Saturday, August 12, 2006

Succession Order

I won't delve too much into this one, based as it is in Pennsylvania law and a city code I don't have in front of me, but Pittsburgh seems to have the foundation of a fight over who is in charge well in hand. Unlike NY, maybe the elected officials (and unelected officials) will act like adults and it won't devolve into squabbling.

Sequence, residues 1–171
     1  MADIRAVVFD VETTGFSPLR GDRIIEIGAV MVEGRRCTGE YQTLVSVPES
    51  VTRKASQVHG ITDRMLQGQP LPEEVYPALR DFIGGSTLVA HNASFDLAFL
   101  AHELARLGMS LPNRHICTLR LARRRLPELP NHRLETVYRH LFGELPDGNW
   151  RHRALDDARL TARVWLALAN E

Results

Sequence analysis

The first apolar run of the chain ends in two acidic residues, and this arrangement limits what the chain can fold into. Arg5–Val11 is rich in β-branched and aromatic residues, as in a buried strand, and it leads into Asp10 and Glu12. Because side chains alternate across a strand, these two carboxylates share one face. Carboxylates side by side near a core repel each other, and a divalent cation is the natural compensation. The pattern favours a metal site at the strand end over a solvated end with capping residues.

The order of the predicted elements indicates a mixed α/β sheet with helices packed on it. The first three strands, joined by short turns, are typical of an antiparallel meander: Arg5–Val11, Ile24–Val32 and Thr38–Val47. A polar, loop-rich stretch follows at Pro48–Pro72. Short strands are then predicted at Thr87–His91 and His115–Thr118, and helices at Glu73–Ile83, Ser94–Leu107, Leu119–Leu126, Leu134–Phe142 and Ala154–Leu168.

As a student of municipal law, however, the situation poses an intriguing scenario to ponder. Certainly, you want a deputy to take over in the absence of the elected executive. Having that deputy come from the higher reaches of the executive branch makes sense, too, until you end up with a situation where you have an unelected person with undefined powers in the role for a significant length of time. The alternative is to promote the next-in-line, which tends to be a city council president or the like--but then there's a learning curve in shifting from the legislative role to the day-to-day executive role. As well, the new mayor isn't elected at large, which can also be an issue, and there's always the issue of if/when the elected mayor can resume duties. It will be interesting to see how this plays out in Pitt.


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